In the last 15 years I have used more Red Dot in rifle cases than I have in shotgun shells. It had been my principal powder in light rifle and some pistol loads. I have tried other powders, however Red Dot was always a staple. Because of the popularity of Cowboy shooting, several new powders are available specifically for light loads in large cases. I decided to see if Red Dot was still a good choice.
I am looking at position sensitivity and decided to use a 30.06 and a light load. Powder charges were measured not weighed, so measurement precision is integrated. No one weighs plinking loads, do they? Accuracy was not evaluated, it is rifle and cartridge specific.
I assembled powders recommended by other shooters.
Red Dot, double base, high nitroglycerine, low density, extruded large circular flakes;
Vihtavuori N310, single base, moderate density, tiny extruded grains, measures precisely;
Tite Group, double base, high nitroglycerine, high density, flattened ball, measures precisely;
Trail Boss, single base, very low density, huge extruded flat perforated disks;
Winchester Super Target WST, double base, moderate density, flattened ball, measures precisely.
I wanted to test Vihtavuori N32C, made especially for Cowboy loads, but none was available locally and I did not want to pay HazMat fees to get it.
Ok, here are the results details follow:
Powder Charge Difference Standard Deviation
Red Dot 6.0 gr. 6 fps 17.7
VV N310 6.2 gr. 5 fps 8.7
Tite Group 5.8 gr. 6 fps 16.7
Trail Boss 7.3 gr. 15 fps 27.8
WST 6.3 gr. 8 fps 11.5
VV N310 wins, lowest spread and smallest standard deviation.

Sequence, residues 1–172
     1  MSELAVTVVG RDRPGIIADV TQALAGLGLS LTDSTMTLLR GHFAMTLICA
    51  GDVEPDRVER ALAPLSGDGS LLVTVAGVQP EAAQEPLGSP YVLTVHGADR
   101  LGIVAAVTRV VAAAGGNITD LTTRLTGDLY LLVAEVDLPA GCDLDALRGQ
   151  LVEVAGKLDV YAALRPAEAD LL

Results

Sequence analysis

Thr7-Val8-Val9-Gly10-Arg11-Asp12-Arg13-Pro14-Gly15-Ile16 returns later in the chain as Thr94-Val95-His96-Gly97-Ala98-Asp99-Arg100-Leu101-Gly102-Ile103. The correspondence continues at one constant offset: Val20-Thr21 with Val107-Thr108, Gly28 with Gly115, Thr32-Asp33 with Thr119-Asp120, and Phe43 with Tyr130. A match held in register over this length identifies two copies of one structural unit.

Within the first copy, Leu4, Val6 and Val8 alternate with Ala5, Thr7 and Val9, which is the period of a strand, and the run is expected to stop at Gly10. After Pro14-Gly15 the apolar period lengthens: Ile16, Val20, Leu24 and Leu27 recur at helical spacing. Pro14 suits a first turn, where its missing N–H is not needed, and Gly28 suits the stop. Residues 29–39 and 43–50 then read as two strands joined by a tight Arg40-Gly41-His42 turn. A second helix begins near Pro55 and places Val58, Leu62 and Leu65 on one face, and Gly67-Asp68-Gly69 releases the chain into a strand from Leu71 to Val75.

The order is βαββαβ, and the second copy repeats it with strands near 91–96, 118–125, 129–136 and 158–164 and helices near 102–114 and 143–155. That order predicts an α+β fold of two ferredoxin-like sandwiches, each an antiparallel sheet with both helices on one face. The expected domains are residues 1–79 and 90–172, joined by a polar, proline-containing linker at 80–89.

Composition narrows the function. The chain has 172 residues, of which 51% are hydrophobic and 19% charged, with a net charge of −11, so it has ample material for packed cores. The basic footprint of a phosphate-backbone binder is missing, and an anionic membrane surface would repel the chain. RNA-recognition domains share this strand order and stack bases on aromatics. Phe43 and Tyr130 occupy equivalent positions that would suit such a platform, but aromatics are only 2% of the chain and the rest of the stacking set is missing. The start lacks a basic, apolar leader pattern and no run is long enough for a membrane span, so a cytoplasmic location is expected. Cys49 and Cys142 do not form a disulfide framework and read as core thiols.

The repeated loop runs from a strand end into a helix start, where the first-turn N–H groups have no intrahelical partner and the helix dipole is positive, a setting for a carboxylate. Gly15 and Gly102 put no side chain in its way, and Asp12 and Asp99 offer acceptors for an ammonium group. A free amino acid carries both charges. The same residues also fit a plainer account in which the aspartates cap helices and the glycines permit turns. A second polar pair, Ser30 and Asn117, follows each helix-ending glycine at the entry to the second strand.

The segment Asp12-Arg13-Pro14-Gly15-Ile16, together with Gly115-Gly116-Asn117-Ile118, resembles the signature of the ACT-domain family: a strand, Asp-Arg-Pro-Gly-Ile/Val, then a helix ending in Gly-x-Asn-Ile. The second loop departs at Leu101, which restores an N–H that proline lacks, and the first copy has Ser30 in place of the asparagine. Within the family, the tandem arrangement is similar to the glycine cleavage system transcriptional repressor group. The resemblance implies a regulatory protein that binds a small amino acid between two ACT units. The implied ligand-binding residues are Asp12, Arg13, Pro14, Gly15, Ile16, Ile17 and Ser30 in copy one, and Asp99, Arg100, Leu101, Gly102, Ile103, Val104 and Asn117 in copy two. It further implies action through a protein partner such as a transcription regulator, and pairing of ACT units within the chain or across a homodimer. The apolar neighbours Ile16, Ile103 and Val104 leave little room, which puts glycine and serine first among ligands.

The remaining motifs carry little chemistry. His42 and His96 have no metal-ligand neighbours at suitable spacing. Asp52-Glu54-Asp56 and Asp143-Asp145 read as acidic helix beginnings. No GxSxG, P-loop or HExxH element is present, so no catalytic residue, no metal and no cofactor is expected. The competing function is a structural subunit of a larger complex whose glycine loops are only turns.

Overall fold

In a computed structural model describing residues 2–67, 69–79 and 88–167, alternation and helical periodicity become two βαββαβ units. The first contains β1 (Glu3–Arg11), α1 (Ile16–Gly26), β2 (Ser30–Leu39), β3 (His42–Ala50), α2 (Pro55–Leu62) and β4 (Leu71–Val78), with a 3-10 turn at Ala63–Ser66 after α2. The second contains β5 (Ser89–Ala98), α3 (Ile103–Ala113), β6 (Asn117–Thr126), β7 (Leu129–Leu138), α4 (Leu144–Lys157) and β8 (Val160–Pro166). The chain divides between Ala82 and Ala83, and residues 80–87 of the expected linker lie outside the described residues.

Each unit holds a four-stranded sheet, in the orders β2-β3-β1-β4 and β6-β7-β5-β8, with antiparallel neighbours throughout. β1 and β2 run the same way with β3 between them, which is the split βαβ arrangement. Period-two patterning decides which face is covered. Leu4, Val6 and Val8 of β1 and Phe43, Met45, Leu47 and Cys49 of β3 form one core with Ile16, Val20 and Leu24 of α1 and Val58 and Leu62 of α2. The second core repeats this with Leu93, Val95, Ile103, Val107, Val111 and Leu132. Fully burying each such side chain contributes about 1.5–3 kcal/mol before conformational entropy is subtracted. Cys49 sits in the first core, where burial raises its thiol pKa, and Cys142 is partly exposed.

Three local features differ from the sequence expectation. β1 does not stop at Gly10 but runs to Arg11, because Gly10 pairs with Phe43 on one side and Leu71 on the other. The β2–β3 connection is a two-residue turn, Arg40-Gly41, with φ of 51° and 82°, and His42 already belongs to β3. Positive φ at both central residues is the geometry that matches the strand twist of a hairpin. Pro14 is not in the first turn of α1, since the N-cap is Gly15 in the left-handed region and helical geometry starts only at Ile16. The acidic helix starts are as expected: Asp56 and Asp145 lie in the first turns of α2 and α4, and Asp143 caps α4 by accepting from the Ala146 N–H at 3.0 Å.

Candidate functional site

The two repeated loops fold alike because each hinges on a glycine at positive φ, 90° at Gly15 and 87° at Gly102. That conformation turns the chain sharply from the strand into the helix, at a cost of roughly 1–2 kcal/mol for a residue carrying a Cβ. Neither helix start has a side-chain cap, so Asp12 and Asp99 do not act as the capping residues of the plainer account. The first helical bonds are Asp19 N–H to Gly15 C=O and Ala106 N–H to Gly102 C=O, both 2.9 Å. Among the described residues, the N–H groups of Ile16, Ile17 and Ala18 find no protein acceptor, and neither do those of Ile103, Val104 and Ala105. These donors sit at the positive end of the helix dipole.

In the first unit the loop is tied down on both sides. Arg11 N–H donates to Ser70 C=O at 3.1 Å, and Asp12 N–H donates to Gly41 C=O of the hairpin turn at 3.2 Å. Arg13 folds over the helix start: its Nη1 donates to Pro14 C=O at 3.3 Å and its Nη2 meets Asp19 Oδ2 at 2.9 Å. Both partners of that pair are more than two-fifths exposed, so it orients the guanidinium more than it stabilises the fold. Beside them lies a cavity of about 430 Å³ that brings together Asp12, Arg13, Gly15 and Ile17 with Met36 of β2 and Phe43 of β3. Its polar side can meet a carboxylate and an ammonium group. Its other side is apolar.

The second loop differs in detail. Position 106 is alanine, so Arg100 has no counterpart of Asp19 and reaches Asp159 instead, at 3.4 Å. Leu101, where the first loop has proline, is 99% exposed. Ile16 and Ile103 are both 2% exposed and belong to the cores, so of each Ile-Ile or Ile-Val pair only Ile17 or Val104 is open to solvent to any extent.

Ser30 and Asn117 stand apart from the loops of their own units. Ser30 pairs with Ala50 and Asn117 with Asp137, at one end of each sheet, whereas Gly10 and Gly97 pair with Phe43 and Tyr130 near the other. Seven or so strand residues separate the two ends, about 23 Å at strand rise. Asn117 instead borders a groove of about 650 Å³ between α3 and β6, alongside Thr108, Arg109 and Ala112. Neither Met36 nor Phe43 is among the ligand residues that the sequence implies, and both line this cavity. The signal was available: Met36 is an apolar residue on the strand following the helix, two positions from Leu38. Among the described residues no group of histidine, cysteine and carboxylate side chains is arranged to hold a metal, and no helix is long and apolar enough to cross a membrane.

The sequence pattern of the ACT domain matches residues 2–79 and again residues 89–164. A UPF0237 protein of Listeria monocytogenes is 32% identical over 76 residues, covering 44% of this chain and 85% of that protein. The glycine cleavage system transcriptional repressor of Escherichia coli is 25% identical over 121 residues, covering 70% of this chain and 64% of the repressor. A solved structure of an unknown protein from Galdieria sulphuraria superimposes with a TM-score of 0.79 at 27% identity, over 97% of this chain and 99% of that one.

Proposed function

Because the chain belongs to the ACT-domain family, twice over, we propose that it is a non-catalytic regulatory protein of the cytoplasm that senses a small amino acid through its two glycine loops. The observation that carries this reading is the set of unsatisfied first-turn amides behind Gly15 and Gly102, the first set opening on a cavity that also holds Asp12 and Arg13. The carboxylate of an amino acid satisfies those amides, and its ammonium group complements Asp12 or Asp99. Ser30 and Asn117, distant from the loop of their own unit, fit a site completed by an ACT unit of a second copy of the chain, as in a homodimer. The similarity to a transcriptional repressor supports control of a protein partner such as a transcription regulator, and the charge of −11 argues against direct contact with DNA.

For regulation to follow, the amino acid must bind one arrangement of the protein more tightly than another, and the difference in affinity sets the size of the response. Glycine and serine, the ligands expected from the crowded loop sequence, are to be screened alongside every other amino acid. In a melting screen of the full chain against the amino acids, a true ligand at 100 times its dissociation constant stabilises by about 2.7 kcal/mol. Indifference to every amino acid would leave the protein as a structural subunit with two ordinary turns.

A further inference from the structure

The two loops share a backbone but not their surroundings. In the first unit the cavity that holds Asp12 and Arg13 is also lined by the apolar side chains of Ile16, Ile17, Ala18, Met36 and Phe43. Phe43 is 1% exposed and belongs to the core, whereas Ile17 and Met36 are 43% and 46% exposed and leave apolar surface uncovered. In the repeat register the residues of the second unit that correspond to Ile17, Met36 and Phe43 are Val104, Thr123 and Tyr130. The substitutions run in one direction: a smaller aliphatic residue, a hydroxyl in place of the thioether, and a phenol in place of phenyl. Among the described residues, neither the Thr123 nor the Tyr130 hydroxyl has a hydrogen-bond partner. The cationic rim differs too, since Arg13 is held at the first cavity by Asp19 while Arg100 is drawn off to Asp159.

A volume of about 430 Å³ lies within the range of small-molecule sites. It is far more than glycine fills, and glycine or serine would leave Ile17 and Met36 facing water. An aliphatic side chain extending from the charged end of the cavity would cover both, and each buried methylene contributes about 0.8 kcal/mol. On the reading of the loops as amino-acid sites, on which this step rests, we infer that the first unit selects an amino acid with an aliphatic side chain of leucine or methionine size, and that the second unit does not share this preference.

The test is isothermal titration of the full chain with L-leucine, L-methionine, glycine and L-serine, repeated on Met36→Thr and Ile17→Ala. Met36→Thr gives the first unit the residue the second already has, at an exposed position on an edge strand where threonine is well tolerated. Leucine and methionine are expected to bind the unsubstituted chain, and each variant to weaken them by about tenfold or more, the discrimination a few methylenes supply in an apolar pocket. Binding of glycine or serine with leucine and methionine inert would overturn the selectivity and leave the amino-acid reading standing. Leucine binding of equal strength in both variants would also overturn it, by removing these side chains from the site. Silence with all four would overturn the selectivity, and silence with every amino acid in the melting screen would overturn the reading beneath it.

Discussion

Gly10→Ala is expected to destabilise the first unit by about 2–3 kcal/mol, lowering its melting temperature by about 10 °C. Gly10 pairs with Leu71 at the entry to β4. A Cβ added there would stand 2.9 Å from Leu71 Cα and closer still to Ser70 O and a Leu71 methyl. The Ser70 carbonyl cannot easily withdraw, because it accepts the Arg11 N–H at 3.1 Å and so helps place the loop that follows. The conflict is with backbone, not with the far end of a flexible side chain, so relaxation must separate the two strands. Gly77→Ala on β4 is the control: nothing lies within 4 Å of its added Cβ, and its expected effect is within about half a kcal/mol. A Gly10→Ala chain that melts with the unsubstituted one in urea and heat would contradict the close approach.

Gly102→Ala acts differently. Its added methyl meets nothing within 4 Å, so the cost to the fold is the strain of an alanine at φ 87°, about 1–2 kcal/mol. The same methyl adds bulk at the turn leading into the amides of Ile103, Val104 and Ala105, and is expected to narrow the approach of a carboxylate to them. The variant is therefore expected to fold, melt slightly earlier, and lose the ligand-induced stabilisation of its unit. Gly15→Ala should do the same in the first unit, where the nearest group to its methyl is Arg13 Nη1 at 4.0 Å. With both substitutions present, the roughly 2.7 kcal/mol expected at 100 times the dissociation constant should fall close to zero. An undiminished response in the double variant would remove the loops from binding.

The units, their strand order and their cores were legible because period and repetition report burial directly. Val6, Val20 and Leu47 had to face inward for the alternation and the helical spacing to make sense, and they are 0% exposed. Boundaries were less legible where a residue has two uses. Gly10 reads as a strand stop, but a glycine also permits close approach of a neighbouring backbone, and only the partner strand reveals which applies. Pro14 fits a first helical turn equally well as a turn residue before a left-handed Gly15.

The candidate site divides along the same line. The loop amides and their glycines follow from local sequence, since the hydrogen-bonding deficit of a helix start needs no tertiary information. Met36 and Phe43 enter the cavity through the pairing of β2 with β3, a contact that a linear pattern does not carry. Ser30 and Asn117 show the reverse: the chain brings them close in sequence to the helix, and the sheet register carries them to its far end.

The results for N310, Red Dot, Tite Group and WST are very close. Considering the standard deviations, they might easily change places on a rerun, even in the same rifle.
Tite Group wins the cost contest, lowest charge weight.
Trail Boss came in last, which was surprising, as 7.3 grains is almost half a case full. Trail Boss is the only powder where a double charge or even a case full will not blow up a modern rifle or revolver. This is an important advantage where Cowboys are using progressive presses.
All the loads burned clean.
Lyman 31141, cast in 2% tin 6% antimony, sized 0.310 beeswax / jojoba lube no gas check. Seated to crimp groove but not crimped.
Charges adjusted to average 1025 fps plus or minus 25 fps with powder at the rear of the case.
Powder charges thrown using a RCBS Uniflow measure into Winchester 30.06 brass, neck sized, with CCI large rifle primers.
Eddystone 1917 Enfield - Stock except for the Stock (a Bishop)
Rounds chambered, then rifle held vertical muzzle up or down and placed carefully on the bags.
Test rounds fired alternately, powder front of case, rear, front, rear ect.
10 rounds forward powder, 10 rounds powder rearward.
Velocity instrumental at 6 feet
Standard deviations calculated using the small sample correction.
I expected double base powders to do better because of ease of ignition. I also thought the dense powders would be at a disadvantage. I was wrong on both counts.
The velocity and charge weights are under the recommended starting charges for some of the powders. However, the close results on four powders suggest I did not set up the conditions rigorous enough. Maybe I should have chosen a lower velocity.
It would be interesting to see testing done i a larger case like a 45-70.